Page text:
I spotted this old postage machine on the cashier's bureau. The better deal was apparently to get the five 5 cent stamps for a quarter, rather than the two four cent stamps for a dime. The "sanitary" notation comes from a time when dispensing from a machine must have seemed more civil than taking stamps from some postal clerk.

Outside, I took a closer look at the tile facing. There's a neat octagonal window that lends light to the staircase leading to the upper stories, but I couldn't tell you if the top floor is in use.

There are more empty shops along the way, along with a home decore store and a taekwondo academy. An electronics shop stands quiet and dark next door to the Ritz, full of all sorts of TV and stereo equipment that may be obsolete.

The Ritz Theater has shows at 7:30 nightly within its single 700 seat theater -- and sometimes a second show. It's closed on Mondays. I found out that the theater was opened in the 30s, and someone told me it had been for sale on eBay, but it's open now and seems to be in good order. The theater's phone number is (501) 332-2451.

Miller's Drug Store is at 231 South Main Street. It's by far Malvern's oldest pharmacy. You can find out more by calling (501) 332-2351.

Wednesday, December 19, 2007

One Stop Shopping in Donaldson.

In big cities, you have Wal-Mart Supercenters. In smaller towns, you'll find Fred's or Family Dollar or Dollar General.

But in Donaldson, you'll find the Donaldson Country Store.

Highway 67 bypasses this little section of life with an overpass that takes drivers over the rail line. Most of downtown Donaldson has dried up... but there's still this little bit of life along the trackfront.

Good thing, too. This handy store has more stuff than you can imagine.

Walking in on a December Wednesday, I noticed a pack of regulars sitting at a table at the far end of the store. They nodded my direction, and went back to their conversation. I asked for permission to take pictures, and got a chuckle and a sure! go ahead!.

Within the store's aisles, you'll find all sorts of neat stuff. Paper products and Brillo pads share an aisle with car necessities. A big bin of nails and screws anchors the west wall. Nearby, all sorts of handled instruments, including gigantic snow shovels (in Arkansas?), rakes, and brooms.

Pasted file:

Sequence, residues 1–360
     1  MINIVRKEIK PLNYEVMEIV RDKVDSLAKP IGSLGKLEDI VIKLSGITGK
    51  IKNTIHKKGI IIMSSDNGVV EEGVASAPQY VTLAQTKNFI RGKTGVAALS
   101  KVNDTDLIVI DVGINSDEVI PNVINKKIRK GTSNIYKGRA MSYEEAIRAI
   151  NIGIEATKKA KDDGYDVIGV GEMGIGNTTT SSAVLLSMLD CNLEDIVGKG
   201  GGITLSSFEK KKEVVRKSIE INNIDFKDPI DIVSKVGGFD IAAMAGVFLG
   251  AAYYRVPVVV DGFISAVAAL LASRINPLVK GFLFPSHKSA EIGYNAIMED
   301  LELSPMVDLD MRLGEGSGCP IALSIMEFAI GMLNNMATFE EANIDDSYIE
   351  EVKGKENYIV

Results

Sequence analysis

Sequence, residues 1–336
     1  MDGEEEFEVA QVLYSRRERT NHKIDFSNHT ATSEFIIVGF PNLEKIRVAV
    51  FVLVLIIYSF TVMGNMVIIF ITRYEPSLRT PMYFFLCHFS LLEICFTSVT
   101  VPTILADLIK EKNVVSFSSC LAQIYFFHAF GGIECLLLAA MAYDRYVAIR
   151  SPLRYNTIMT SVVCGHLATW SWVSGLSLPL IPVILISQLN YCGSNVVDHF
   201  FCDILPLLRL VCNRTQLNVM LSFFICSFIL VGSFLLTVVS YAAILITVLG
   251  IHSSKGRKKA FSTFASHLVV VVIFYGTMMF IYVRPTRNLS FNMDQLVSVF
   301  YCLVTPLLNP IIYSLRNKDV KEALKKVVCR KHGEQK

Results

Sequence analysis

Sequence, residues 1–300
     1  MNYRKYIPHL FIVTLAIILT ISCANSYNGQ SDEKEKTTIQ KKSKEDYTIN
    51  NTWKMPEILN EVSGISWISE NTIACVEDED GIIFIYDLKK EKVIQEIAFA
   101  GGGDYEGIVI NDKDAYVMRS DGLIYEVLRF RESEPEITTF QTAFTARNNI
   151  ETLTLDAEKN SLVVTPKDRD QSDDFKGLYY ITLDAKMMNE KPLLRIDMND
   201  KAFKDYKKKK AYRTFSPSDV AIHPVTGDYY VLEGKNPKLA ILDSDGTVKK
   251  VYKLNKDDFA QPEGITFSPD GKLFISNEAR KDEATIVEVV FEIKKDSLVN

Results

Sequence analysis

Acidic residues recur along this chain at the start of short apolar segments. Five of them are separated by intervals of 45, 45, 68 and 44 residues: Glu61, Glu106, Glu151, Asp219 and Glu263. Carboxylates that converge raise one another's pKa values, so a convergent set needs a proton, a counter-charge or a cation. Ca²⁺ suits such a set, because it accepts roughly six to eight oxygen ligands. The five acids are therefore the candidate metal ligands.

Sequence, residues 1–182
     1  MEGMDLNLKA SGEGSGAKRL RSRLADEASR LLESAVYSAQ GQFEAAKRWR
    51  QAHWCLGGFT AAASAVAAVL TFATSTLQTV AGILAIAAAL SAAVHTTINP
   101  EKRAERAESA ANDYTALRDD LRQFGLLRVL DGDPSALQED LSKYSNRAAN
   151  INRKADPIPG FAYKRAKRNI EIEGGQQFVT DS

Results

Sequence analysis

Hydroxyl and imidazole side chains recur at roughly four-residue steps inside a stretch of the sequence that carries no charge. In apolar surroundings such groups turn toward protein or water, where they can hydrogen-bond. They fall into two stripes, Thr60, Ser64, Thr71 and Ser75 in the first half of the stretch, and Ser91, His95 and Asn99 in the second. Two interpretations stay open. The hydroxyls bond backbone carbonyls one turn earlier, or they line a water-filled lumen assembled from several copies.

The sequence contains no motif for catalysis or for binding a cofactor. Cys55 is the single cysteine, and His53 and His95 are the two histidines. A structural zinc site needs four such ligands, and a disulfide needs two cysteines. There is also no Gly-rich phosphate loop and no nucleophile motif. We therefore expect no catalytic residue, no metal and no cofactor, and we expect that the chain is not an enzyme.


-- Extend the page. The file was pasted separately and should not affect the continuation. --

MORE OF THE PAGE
Aisles bear yard signs, flour, and plumbing odds and ends in all sorts of shapes and sizes. I passed from aisle to aisle, gathering in the view of a fine spread of items you might find at a well-equipped mega-store. There might not be all that many of each item on display, but the variety was compelling.

I even managed to find galoshes... big overboots to wear in mud. They shared an endcap with gloves, machetes, axes, insect repellent, and flashlights.

Above the ice cream freezer and cola fridge, there's a brag board, featuring many of the local deer hunting heroes with their prize kills. Picture after picture taped up to the wall, featuring a guy or gal with his trophy, proudly seated in the back of his truck, complete with name and date.

Talk about one stop shopping. In addition to the wide variety of items for sale, the Donaldson Country Store also sports a proper lunch counter, complete with fine selection of lunch meats and a daily special. The store is open for breakfast and lunch, with a complete compliment of Southern staples.

The meats and cheeses are displayed with honor, the bologna and turkey and ham all properly and tightly sealed with plastic wrap, accessorized with fake ivy and cutting boards.

The eating experience isn't limited to sandwiches and biscuits, though. On each table, there's a bottle of ketchup, a bottle of hot sauce, and something I haven't seen much of around -- pickled okra. Free for the munchin' with your choice of the day. I saw several of the regulars knoshing on the tart, slimy wonders while I was there.

I was very surprised to see, featured next to the Karo syrup and local favorite Autrey's honey -- something out of my childhood. I remember my grandfather soaking biscuits in Johnnie Fair syrup and a bit of margarine, and the sight of the syrup here sparked the memory.

To get to the Donaldson Country Store, take Highway 67 to Highway 51 in Donaldson and head east. Turn left after you cross the railroad tracks. It will be on your right.

A couple more interesting notes -- though the street is a ways over, there's a stop sign at the corner of the store. No good explanation for that at all.

And there's one item outside the store that's a rare and dying breed -- an actual pay telephone. Seeing it here reminded me of how few I've seen lately.

Catch this story, along with other Tie Dye Travels, on by listening to the Tie Dye Travels podcast.